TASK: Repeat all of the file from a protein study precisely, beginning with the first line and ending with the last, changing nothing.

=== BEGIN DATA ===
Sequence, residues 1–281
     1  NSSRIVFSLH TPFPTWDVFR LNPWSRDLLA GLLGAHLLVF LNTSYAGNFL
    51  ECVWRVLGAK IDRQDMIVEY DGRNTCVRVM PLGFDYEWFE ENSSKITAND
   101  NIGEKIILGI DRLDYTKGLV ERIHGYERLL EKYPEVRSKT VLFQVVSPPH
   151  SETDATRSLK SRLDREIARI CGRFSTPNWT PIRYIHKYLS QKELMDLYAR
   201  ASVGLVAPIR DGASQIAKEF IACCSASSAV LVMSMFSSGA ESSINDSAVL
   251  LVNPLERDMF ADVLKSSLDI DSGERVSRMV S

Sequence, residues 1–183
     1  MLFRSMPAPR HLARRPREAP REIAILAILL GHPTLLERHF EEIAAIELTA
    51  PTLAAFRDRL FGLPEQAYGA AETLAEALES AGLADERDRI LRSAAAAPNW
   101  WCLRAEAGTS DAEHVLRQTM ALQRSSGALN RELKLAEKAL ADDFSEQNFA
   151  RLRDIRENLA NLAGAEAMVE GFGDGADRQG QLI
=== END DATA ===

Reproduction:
Sequence, residues 1–281
     1  NSSRIVFSLH TPFPTWDVFR LNPWSRDLLA GLLGAHLLVF LNTSYAGNFL
    51  ECVWRVLGAK IDRQDMIVEY DGRNTCVRVM PLGFDYEWFE ENSSKITAND
   101  NIGEKIILGI DRLDYTKGLV ERIHGYERLL EKYPEVRSKT VLFQVVSPPH
   151  SETDATRSLK SRLDREIARI CGRFSTPNWT PIRYIHKYLS QKELMDLYAR
   201  ASVGLVAPIR DGASQIAKEF IACCSASSAV LVMSMFSSGA ESSINDSAVL
   251  LVNPLERDMF ADVLKSSLDI DSGERVSRMV S

Sequence, residues 1–183
     1  MLFRSMPAPR HLARRPREAP REIAILAILL GHPTLLERHF EEIAAIELTA
    51  PTLAAFRDRL FGLPEQAYGA AETLAEALES AGLADERDRI LRSAAAAPNW
   101  WCLRAEAGTS DAEHVLRQTM ALQRSSGALN RELKLAEKAL ADDFSEQNFA
   151  RLRDIRENLA NLAGAEAMVE GFGDGADRQG QLI